On another note ..... I'm know there was some issues for Kojiro on a couple occasions but with the best equipment i was expecting better speed...  Is he just inexperienced with a great budget out there doing his best (Good on him if so)....?   Anyone know more on him...? 

 
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AnotherSailor

Super Anarchist
1,276
403
SF Bay
JLC keeps doing incredibly well! Considering that he spent a good part of a day rescuing Kevin, then a day+ of interviews and other distractions while trying to catch a bit of sleep, he is just a few miles from 4th! 

Burton is killing it! Ruyant is slowly falling behind. 

 

Knut Grotzki

Anarchist
524
172
Germany
astro said:
Looks like a serious challenge to the race to me.  How can you send people out solo in fragile boats into a flotsam soup?
They have not been sent out - they choose to do so. Not so much different from Formula 1, Idatarod or horse racing.

 

Rafael

Member
451
253
Alboran Sea
Watching Le Cam booking along at 17+ in 6th place got me thinking (oh oh) about what a great opportunity this is for Escoffier, watching a master do his thing 24/7. You cannot buy that kind of training. All the little nuisances, rig checks, weather routing, sleep and meal patterns, ... 
Albeit his wide oceanic sailing experience, for sure Kevin is learning a lot this past week, his sudden sunken boat, the rescue and then the master's workshop until Kerguelen :) indeed

....OR......

This watching.

Watching for UFO's JLC has strapped Kevin to the pulpit wearing a diving mask and snorkel. 

Kevin is not happy.  :lol:
Not happy, but very very lucky (also the race until today with just accidents to tell, crossfingers), lucky even with the head under the freezing waters :D I bet grumpy king Jean solo master is pushing hard his boat for a fast landing :lol:

 
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jack_sparrow

Super Anarchist
37,393
5,094
Burton is killing it! Ruyant is slowly falling behind.
Burton certainly is max VMG now and staying in the SW pressure as Charlie is running out of horsepower looking to gybe (which in real time he probably already has).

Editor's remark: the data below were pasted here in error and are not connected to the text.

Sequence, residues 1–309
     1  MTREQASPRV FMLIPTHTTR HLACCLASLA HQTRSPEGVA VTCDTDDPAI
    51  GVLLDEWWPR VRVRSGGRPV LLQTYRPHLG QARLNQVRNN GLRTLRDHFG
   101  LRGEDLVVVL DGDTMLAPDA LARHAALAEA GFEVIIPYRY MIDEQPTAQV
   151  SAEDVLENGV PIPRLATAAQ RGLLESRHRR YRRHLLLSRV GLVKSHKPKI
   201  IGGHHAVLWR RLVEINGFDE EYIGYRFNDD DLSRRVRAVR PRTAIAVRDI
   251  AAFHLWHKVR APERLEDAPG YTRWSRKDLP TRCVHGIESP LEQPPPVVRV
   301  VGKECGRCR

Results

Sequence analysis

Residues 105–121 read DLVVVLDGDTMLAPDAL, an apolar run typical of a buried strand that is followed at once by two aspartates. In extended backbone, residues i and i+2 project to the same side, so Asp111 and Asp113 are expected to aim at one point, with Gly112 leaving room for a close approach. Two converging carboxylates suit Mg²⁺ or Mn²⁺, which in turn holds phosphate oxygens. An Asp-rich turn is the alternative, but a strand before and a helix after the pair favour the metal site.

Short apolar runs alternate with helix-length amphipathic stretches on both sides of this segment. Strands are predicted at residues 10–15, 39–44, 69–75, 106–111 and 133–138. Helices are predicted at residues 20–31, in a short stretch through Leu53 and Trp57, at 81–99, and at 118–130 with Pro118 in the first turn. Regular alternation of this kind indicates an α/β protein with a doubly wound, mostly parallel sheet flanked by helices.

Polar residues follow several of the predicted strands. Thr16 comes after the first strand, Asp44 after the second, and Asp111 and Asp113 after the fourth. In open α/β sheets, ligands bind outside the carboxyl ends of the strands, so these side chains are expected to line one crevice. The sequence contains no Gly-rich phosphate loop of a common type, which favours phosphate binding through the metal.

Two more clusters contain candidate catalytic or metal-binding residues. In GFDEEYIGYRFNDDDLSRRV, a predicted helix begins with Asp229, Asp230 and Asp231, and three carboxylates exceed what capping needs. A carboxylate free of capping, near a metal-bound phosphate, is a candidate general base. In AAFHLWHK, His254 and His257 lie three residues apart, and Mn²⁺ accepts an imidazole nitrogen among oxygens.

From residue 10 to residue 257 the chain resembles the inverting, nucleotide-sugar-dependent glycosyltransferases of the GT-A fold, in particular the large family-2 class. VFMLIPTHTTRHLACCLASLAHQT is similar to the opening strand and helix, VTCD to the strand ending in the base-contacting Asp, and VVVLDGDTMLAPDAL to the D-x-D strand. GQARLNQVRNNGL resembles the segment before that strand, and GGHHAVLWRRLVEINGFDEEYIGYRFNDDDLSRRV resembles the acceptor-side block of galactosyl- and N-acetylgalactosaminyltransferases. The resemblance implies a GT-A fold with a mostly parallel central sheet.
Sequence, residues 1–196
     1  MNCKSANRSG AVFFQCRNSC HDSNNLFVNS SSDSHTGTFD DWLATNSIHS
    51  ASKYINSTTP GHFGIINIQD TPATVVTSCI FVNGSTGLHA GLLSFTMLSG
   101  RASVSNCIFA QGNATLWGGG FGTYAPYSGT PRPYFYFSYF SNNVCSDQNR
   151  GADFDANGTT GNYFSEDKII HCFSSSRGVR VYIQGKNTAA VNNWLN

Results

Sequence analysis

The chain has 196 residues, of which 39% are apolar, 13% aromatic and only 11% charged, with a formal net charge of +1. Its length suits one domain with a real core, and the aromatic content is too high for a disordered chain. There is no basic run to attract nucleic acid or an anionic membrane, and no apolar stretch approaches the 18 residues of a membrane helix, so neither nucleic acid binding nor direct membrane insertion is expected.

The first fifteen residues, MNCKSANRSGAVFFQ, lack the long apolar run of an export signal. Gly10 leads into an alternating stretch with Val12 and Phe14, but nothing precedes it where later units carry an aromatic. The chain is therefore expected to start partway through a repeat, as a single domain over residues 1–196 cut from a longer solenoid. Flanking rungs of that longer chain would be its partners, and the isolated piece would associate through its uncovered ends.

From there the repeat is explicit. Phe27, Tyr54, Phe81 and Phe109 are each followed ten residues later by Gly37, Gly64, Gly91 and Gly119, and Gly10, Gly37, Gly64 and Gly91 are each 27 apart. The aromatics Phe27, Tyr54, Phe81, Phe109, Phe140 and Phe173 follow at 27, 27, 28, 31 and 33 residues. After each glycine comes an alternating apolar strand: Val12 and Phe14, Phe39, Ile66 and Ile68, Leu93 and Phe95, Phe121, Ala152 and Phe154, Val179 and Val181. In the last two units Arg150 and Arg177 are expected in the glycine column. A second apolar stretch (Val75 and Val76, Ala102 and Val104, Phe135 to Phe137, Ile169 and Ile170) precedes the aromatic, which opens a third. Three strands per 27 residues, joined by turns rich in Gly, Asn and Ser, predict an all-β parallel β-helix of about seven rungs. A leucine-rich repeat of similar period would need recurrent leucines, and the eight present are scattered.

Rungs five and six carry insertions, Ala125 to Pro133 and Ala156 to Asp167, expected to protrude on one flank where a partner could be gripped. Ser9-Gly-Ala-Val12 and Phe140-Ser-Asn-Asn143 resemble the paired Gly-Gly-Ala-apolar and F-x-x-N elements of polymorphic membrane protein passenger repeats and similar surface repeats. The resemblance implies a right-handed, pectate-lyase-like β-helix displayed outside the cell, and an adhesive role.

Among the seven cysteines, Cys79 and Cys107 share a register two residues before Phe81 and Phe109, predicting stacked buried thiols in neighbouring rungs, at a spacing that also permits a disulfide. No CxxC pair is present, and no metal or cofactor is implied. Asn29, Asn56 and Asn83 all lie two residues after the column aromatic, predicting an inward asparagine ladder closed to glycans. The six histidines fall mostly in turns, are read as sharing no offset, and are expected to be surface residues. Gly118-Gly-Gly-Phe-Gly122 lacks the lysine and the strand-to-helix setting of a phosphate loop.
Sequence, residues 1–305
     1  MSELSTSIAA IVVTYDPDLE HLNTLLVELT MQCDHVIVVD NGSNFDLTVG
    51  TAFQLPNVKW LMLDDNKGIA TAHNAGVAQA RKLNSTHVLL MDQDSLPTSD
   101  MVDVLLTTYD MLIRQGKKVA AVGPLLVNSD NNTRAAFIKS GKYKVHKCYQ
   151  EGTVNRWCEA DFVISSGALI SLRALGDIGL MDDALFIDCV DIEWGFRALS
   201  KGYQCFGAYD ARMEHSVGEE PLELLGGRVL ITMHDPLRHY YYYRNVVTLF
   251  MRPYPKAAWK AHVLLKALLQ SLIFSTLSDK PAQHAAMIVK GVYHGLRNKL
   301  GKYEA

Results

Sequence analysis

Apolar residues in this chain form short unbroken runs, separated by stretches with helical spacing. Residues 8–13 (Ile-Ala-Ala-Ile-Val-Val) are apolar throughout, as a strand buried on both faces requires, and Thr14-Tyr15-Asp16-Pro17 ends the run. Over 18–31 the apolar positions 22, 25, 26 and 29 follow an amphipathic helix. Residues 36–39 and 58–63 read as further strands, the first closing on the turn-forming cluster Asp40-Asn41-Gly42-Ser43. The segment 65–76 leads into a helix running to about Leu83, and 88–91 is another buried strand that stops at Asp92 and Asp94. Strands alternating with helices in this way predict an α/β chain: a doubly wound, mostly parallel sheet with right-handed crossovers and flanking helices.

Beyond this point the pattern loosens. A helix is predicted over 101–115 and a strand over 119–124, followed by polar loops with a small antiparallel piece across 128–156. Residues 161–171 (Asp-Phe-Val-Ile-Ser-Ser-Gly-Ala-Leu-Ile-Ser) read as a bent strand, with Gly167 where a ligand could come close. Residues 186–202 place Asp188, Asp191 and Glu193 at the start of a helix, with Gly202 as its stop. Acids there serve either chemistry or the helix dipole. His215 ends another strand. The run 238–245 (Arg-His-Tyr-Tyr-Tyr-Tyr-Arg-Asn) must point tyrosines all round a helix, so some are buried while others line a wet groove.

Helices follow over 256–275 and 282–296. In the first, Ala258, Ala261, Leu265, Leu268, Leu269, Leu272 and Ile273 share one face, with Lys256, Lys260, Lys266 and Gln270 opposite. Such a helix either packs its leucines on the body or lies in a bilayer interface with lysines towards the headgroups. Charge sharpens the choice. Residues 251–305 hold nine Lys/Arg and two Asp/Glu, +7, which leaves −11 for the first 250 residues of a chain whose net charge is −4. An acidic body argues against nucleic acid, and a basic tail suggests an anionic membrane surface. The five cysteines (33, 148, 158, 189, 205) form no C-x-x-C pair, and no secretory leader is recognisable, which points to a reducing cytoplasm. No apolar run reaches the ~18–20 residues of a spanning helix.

Damian Seguin also staying in SW pressure and going in right direction is appearing as a smokey 

IMG_20201203_160843.jpg

 
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socalrider

Super Anarchist
1,423
787
San Diego CA
....OR......

This watching.

Watching for UFO's JLC has strapped Kevin to the pulpit wearing a diving mask and snorkel. 

Kevin is not happy.  :lol:
The humorous posts positing growing tensions between two solo sailors stuck in close quarters together makes me think of one regatta when I was maybe 13 or 14, sailing Mistrals I think - some two person skiff.  My crew kept trying to tell me what to do, and wouldn't follow my instructions.  I grew increasingly irritated, and as we passed the clubhouse I distracted him for a second and gave him a little shove backwards into the drink by the docks, and continued on for the rest of the race happily by myself.  

Evidently this is not allowed, but it did generate a lot of laughter and fun conversations over the years from the adults who were watching from shore.   

 

jack_sparrow

Super Anarchist
37,393
5,094
Yup, Killer whales are attacking their foils.  First, they swim well ahead of them, then either stop or swim back at the foils and smash into them killing themselves but also breaking foils.  Kamikaze whales!

Good call.
They don't appear that stupid having the second-biggest brains among all ocean mammals.

Maybe you are thinking it's menopausel females just going mental and not suicidal?

 
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Rafael

Member
451
253
Alboran Sea
On 12/2/2020 at 7:12 AM, PIL66 - XL2 said:



Catastrophic result indeed, scary as hell and surrealistic..., but just like climbers, alpinists, car pilots, and high risk extreme athletes, they are hooked in forever and keep coming... 4 years later, he is out there again and with the highest 24hr average speed of this year's race (515Nm) 

The oceans are huge highways full of monster traffic and their attached rubbish, and no real clear answer or solution appears in the horizon except for more technology onboard, given the perpetual increasing world's population demand and markets...

 
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Laurent

Super Anarchist
2,323
1,988
Houston
4 hours ago, Jud - s/v Sputnik said:

Sorry if this has been posted already - President Macron calls up le Cam and Escoffier!  Brilliant.  Only in France - love it!


Posted before, but it does not hurt...

2 nuggets:

When Kevin explains the boat folding in half and spending 12 hours in the liferaft, the French president says in petto "oh la vache!!!" which is vernacular French; something like "holly cow!"

In English, when you want to wish good luck to someone who is going to do a show or an event, you tell him "break a leg!" , right? You wish the worst, so it does NOT happen.